Download Festival was on simultaneously so the rock scene in London was a bit quiet.
Nevertheless, Tesla played to a packed crowd at the Islington Academy, then played Download the next day. Hopefully the festival audience had the same fun as we had in London.
Kodiak Jack were a good hard rock support act, and Tony Jepson played a nice acoustic set as a warm-up before Tesla came on.
The last time I saw Tesla it was back in 2009, in the same venue. The first thing I noticed when the y came onstage was that the band hadn’t changed at all (the fountain of youth is indeed metal in the veins).
They played a few songs from the (great) new album, Simplicity. Something of a new departure, Simplicity it still sounds like Tesla but the song structures are a bit more experimental and the melodies are a bit different than the usual Tesla songs. It’s always a difficult one to balance – playing new material live as opposed to giving the crowd the old standards they know and love, but on this occasion it paid off – the gig was more interesting for it.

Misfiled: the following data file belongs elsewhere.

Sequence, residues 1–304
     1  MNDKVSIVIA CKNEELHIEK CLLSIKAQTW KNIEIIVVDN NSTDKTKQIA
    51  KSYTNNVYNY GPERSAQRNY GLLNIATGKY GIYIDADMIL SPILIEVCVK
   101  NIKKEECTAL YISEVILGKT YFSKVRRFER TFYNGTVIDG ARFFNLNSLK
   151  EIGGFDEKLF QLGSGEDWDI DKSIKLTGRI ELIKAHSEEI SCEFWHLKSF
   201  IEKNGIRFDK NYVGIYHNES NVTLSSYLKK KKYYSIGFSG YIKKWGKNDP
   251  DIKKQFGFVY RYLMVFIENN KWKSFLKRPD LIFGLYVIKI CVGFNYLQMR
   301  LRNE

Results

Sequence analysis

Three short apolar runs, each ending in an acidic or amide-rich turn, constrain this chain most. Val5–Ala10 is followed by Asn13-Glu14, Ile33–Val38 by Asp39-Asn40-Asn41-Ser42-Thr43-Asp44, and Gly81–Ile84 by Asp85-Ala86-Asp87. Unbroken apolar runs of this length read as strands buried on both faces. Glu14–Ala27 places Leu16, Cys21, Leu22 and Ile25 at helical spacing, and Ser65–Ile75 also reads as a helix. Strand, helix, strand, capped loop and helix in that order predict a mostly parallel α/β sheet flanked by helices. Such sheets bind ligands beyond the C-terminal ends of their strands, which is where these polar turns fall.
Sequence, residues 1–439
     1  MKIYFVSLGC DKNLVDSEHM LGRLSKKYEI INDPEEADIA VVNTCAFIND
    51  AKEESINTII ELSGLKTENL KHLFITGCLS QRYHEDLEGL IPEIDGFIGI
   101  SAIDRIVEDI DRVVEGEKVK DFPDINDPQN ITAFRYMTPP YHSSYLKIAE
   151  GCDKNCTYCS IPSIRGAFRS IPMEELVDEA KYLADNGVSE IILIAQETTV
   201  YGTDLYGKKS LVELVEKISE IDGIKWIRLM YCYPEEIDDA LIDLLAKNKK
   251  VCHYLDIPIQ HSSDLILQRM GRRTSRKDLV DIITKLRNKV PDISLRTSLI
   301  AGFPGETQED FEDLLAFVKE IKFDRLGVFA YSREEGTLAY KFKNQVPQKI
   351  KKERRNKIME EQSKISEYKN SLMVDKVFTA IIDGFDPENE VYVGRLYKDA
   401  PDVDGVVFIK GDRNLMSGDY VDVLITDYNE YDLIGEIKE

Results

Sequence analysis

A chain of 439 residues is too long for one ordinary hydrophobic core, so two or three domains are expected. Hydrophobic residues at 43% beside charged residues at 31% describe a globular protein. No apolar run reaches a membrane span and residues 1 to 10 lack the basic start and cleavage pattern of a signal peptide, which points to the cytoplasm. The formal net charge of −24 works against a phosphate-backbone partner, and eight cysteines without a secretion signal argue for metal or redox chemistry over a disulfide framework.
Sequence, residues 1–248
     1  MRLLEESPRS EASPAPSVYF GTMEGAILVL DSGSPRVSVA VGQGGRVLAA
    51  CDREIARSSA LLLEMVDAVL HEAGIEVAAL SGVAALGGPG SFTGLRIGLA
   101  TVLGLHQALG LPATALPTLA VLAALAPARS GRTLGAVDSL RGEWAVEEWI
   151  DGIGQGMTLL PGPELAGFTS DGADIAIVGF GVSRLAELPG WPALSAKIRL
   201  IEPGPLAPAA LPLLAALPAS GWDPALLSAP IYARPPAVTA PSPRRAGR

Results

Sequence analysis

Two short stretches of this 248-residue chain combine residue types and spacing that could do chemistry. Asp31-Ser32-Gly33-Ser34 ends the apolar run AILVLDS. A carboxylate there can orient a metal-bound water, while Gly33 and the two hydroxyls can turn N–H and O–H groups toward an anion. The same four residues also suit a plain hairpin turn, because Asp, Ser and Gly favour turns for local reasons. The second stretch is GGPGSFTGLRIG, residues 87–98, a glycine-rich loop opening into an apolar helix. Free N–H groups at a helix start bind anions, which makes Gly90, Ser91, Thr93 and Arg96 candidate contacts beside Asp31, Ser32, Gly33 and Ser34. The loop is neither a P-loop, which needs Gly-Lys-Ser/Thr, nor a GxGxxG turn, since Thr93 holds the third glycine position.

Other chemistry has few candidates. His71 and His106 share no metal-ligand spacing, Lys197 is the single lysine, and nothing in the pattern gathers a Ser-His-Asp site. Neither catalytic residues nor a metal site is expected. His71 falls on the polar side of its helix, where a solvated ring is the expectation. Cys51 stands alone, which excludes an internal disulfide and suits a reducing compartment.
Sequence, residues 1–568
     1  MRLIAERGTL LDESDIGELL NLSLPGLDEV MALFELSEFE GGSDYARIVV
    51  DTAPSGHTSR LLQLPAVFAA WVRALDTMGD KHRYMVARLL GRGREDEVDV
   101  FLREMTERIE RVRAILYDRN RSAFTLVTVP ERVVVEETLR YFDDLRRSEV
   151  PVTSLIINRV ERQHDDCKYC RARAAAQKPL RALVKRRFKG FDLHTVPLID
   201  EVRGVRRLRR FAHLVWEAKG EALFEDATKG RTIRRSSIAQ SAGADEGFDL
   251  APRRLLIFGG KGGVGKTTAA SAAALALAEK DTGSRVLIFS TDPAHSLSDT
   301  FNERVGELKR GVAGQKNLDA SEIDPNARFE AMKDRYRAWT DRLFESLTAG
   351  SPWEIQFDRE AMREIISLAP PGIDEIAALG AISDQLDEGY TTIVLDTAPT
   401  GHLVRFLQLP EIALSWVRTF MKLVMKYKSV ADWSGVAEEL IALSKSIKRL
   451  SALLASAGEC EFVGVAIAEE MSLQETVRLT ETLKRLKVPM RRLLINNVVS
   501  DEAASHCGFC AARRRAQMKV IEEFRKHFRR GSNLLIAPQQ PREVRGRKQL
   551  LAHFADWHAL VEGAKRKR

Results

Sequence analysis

When it did come to the classics, almost everyone in the crowd was singing them by heart. Hearing ‘Love Song’ was a blast as always. Every time, it triggers those teenage memories, those who were Tesla fans as misunderstood teenagers were definitely feeling it.
That emotional charge combined with the intense bluesy solos, the use of acoustic guitar on some songs, and trading guitar versus vocal solos between Jeff Keith and Frank Hannon all added up to an absorbing gig.
With established bands like Tesla, you almost always get a tight performance. Natural and relaxed, almost as if they’d laid on a few t-bone steaks and were settling into some quality boy-banter time. No glitter, no razzle-dazzle, but a rapport that oozes sincerity and solid music to follow up.
Photos by Stella Stithou